31:12 Are we to read these words as referring to or prefiguring Christ’s Passion, or simply as a meditation or commentary on Christ’s Passion?
31:14 How might the psalmist maintain trust in God in spite of all the psalmist’s suffering?
31:16 What does it mean for God’s face to shine upon us?

2:5-11 Note that these verses appear as poetry, not prose.
2:5 What mind was in Christ Jesus? I can have the mind of Jesus?
2:6 What is God’s form? Is Plato’s theory of forms at all helpful here?
2:7 Was Jesus born in human likeness or was he born as human? How are likeness and form related?
2:9-10 What is so special about the name “Jesus” and was this name special before Christ?
2:10 There are beings in heaven with knees?  What beings under the earth have knees?
2:11 Is “Jesus Christ is Lord” the simplest and perhaps oldest confession of faith?

MARK 14:1-15:47
This is an extremely long passage. You may want to opt for the shorter alternative.  My ruminations cover only the shorter option of 15:1-39
15:1 What do you know about all the different players; the chief priests, the elders, the scribes, and the whole council? How would the above relate to Pilate?
15:2 Did Pilate say that Jesus was the King of the Jews? Is “You say so” any kind of an answer?
15:3 What things?
15:4 Apparently Pilot did not think “You say so” was an answer.
15:5 Why was Pilate amazed?
15:6 What festival?
15:7 What insurrection? Was Barabbas a rebel? Had he committed murder?
15:9 Why did Pilate refer to the “King of the Jews” rather than to Jesus?
15:10 Was Pilate’s analysis correct.  Was it jealousy that really motivated the chief priests?
15:12 Who was calling Jesus  the King of the Jews?
15:15 How could Pilate have Jesus crucified if he was not guilty of any crime? To whom did Pilate hand Jesus over to?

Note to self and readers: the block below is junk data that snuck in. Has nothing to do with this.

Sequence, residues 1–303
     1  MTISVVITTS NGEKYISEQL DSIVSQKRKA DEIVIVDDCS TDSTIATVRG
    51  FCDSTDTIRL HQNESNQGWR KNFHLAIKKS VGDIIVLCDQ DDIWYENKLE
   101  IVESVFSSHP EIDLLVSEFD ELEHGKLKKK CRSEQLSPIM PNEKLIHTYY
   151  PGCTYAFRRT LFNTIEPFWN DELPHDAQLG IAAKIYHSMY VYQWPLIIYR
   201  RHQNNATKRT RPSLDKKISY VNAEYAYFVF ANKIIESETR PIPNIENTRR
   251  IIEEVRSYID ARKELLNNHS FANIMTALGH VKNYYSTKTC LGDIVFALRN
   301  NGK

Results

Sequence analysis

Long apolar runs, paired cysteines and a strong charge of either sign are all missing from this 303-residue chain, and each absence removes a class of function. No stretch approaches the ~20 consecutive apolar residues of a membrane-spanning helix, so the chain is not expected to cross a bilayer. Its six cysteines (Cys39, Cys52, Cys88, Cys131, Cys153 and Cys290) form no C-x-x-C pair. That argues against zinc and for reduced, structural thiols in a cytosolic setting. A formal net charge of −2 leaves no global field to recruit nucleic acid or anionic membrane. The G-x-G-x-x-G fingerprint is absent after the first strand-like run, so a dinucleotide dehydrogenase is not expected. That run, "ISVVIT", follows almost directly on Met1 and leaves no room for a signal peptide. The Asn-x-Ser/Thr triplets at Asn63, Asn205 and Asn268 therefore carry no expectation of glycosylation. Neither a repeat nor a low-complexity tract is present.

15:16-23 I think John Shelby Spong makes a strong argument for reading the crucifixion account, at least in its original form, as Midrash on Psalm 22.
15:16 What is a cohort?
15:17 Is there anything special about purple? I wonder where this cloak came from.
15:17-18 Where is the irony?
15:21 Why are Simon, Alexander and Rufus named?
15:23 Why wine mixed with myrrh?
15:25 Does the time matter?
15:31 What others had Jesus saved?
15:32 I know this is Mark, but I hear echoes of the ending of John.
15:33 Note the contrast—noon and darkness.  According to my calculations, Jesus was on the cross six hours.
15:34 Is Jesus quoting something? If so, what?
15:35-36 How might Elijah figure into all of this?
15:38 What symbolic statement is being made here?
15:39 What is the irony here?
15:40 Where there more women looking on than just those named?
15:41 How many women?
15:42 When does evening begin?
15:43 What council? Does this refer to the council mentioned back in 15:1?
15:44 Had Pilate expected Jesus to hang on the longer before he died?
15:45 Who else had the right to claim the body?
15:46 Where is the detail we are used to?
15:47 Where was Salome? Why does it matter that both Mary Magdalene and Mary the mother of Joses (Jesus’ mother?) saw where the body was laid? Had Joseph of Arimathea meant to keep it secret?


MARK 15:1-39 (40-47)
See the above ruminations.

I am considering playing a dramatic recording of the Mark 14:1-15:47 Reading and preaching a short sermon of perhaps three to five paragraphs. What do you think of the idea?

I am a Minister Member of Upper Ohio Valley Presbytery of the Presbyterian Church (U.S.A.) and am serving as the Interim Pastor of the Richmond United Presbyterian Church, Richmond, Ohio. Sunday Worship at Richmond begins at 11:00 AM. My various blog posts have appeared on PRESBYTERIAN BLOGGERS and Appalachian Trials.